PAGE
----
The Foundation for a Meaningful Life
Kindergarten - Grade 9 in Southborough, MA

Upper School Explorations

This month, Fay’s seventh and eighth graders spent several days immersed in experiential learning activities on campus and around the state that connect to their classroom curriculum.

In Life Science, seventh graders have been studying ecosystems and water. On Monday, students traveled to Nature’s Classroom in Charlton, MA, to investigate the woods and wetlands and learn about the local ecosystem. They used natural materials to build terrariums and dams and engaged in interactive games to draw on the connections between animals in an ecosystem. On Tuesday, the seventh graders traveled to the Cape Cod National Seashore in Eastham, MA, to learn about our unique coastal ecosystem. They explored the wet marshes and learned about the creatures that live there and the animal adaptations that enable them to thrive in that environment. On a visit to Coast Guard Beach, students learned about seals and sharks and how the ecosystem is changing due to temperature change and erosion. Art and science came together on Wednesday with a visit to the deCordova Sculpture Park and Museum in Lincoln. Several art installations in the park are connected to nature themes, and students spent the morning finding examples of different art techniques in the sculptures and the afternoon drawing.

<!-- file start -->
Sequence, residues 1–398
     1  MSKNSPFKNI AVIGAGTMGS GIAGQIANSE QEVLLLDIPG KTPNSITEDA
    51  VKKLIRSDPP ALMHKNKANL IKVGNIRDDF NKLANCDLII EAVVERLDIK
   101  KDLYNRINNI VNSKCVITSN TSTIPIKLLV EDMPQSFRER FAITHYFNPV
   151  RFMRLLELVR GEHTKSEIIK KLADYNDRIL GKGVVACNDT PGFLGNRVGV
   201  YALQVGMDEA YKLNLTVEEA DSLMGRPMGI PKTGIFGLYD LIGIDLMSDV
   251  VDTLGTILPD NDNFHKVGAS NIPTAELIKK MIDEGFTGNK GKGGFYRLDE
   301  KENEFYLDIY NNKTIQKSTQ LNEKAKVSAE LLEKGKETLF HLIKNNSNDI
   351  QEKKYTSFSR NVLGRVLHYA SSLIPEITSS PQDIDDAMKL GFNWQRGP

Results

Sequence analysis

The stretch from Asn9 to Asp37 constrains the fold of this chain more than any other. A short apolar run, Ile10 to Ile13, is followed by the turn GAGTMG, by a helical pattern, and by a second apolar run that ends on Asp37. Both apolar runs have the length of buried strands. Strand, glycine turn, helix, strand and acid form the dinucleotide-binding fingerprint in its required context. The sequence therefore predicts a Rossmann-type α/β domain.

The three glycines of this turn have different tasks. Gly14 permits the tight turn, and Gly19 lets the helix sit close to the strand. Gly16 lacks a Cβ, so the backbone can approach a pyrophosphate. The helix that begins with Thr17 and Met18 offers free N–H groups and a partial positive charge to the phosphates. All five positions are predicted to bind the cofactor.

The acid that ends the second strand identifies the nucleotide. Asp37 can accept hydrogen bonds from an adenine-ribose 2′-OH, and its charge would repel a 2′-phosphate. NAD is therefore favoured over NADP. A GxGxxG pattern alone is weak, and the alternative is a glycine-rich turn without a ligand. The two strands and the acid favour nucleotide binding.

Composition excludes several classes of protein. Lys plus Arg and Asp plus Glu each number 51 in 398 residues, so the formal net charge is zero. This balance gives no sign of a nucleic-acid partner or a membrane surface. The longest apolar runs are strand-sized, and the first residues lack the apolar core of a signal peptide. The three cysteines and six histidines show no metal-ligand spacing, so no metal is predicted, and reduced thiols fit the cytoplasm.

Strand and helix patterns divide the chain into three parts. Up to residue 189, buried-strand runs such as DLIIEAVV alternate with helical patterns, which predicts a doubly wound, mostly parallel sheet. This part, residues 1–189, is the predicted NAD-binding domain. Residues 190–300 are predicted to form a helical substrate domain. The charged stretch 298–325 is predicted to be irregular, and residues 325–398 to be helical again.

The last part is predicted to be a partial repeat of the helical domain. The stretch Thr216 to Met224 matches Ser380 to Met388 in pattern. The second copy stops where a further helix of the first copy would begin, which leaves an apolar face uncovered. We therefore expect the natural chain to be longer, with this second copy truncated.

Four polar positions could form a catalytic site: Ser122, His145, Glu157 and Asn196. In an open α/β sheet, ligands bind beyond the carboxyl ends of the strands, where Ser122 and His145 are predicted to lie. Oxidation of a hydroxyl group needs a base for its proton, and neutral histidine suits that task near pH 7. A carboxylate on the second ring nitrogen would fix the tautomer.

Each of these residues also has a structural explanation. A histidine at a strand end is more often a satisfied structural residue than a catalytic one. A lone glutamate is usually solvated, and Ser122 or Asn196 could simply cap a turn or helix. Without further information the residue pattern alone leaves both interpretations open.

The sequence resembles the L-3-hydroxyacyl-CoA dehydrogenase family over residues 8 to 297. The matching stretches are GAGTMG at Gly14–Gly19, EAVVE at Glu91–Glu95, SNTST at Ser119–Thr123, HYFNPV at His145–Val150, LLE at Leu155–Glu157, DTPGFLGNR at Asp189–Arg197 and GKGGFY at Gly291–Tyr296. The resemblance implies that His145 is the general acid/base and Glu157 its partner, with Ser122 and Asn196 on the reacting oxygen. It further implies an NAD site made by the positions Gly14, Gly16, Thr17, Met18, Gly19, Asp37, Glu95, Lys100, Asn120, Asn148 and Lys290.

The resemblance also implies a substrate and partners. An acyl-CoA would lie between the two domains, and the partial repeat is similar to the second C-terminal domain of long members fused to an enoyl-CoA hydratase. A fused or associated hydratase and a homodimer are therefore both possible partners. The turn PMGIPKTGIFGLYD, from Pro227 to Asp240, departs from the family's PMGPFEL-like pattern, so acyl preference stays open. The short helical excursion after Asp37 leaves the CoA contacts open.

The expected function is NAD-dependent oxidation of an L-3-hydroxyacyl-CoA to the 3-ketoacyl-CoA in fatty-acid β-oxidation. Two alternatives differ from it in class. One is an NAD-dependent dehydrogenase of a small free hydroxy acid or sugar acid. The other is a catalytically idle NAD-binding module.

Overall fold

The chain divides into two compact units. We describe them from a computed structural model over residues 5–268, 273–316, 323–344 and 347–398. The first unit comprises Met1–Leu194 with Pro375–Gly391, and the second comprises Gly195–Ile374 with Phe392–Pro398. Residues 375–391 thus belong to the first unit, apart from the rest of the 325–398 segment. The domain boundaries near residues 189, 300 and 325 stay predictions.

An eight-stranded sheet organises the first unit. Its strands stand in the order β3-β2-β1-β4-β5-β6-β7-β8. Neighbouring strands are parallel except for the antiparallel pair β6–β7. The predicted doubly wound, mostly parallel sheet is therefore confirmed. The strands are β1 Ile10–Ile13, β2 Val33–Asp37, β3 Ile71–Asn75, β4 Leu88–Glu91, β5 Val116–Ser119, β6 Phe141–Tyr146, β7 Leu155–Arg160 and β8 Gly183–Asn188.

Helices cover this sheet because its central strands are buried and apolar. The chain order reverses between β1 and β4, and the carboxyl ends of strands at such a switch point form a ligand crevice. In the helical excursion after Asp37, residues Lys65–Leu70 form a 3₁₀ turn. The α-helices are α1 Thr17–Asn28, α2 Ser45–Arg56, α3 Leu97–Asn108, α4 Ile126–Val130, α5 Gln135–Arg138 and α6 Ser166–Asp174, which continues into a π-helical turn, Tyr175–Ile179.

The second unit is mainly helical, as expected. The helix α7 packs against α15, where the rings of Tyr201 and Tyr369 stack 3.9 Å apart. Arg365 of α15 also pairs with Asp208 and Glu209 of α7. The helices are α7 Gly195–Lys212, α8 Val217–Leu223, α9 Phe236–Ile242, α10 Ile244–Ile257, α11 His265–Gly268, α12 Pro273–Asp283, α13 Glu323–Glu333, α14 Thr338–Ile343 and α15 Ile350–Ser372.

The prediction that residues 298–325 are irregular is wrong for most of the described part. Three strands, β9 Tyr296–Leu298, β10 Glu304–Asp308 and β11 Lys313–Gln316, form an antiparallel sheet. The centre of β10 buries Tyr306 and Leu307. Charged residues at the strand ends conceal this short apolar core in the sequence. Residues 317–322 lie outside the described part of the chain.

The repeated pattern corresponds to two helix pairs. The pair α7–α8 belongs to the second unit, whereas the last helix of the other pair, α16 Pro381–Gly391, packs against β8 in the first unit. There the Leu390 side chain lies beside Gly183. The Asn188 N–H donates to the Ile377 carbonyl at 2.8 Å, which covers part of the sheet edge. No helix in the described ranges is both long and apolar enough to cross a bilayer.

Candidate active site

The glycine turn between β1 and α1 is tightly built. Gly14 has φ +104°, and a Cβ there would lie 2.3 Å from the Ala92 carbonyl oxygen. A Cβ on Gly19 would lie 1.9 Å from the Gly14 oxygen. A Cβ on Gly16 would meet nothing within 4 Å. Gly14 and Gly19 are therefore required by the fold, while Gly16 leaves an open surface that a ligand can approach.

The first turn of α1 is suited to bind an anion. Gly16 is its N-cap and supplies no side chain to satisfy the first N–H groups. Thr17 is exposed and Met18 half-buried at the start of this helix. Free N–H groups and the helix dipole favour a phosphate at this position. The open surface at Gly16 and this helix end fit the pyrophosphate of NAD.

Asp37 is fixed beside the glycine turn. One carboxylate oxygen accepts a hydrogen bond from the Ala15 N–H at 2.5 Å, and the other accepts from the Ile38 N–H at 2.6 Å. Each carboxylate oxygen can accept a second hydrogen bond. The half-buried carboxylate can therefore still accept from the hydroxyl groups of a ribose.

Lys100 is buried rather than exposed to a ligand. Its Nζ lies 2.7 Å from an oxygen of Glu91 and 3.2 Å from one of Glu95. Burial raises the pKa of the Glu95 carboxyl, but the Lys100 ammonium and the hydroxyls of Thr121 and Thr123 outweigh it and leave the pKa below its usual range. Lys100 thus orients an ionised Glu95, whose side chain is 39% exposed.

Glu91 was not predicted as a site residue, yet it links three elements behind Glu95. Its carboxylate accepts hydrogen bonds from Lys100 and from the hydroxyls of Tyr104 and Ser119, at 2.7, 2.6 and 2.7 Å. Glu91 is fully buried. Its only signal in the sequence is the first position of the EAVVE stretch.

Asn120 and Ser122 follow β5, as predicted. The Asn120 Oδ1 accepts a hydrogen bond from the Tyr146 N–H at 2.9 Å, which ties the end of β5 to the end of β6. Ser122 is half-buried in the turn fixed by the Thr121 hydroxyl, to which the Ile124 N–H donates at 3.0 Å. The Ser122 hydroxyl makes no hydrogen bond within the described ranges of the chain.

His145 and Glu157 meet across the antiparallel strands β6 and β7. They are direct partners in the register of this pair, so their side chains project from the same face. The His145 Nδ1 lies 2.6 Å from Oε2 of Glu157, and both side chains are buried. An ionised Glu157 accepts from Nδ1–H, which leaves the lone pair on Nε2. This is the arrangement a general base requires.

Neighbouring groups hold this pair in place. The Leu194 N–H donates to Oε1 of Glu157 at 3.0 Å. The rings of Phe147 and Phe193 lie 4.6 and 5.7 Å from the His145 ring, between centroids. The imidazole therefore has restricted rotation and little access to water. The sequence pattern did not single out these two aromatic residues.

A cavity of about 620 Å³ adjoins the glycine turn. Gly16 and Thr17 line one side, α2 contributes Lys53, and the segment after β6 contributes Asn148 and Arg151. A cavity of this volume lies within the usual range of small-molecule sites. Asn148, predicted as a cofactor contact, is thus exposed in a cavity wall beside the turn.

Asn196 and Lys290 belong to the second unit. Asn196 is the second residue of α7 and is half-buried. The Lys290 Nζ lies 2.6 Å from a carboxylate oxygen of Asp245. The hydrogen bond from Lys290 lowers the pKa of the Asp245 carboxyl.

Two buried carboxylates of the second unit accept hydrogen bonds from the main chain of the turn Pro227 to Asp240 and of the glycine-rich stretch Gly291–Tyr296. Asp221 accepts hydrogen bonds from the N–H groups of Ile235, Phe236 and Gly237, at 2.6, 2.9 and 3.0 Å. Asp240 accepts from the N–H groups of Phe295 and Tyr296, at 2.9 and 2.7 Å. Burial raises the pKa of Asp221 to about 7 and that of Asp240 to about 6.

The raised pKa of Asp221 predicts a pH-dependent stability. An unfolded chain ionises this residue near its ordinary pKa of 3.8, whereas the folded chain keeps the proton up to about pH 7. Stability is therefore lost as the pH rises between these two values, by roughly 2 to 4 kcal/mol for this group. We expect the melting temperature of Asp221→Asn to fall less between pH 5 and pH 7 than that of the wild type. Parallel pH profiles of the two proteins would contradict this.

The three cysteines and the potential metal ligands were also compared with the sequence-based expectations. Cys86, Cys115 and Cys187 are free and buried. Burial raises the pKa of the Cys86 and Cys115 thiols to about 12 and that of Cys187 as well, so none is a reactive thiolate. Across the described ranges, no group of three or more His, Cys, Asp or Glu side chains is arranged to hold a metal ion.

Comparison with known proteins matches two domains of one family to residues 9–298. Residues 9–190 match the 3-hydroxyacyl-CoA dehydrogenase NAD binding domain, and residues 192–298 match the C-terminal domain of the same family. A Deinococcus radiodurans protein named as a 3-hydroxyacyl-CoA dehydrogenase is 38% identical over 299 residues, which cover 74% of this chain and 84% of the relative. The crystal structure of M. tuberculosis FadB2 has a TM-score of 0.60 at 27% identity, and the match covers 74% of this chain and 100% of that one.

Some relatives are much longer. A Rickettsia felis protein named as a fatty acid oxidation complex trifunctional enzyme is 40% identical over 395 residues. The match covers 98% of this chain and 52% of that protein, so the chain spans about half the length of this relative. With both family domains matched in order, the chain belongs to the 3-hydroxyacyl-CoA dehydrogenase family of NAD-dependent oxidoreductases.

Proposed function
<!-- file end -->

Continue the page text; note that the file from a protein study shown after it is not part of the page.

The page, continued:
The eighth grade spent their three days on experiences that connect to their Modern World Cultures curriculum. On Monday, they welcomed American Revolutionary War reenactors to campus. The event connected with students’ historical study of independence movements around the world. Reenactors representing redcoats, minutemen, and civilians shared insight into the experience of living through a revolutionary movement, fighting in a war, and the impact those experiences have on a civilian population. That afternoon, students were joined by poet/activist Dariana Guerrero. She led students in an interactive writing and art-based workshop to think about the “places that make them.” Students drew a map of their neighborhood and then wrote a poem about a significant place in their neighborhood that has shaped their identity. On Tuesday, eighth graders ventured off campus, traveling to the Tsongas Historical Center in Lowell, where they learned about the New England immigration and refugee experience and engaged in town hall meetings and debates. On Wednesday, students traveled to Lawrence to learn about the immigrant populations that settled in the city. They also reconnected with Dariana Guerrero at El Taller, an Independent Bookstore & Café, where they continued their writer’s workshop. 

Head of Upper School Jake Sumner is confident that the trips and experiences from the week will enrich the classroom experience this year. Whether studying a revolutionary movement or erosion within an ecosystem, “students can apply these real-world experiences to their curriculum and activities.” 
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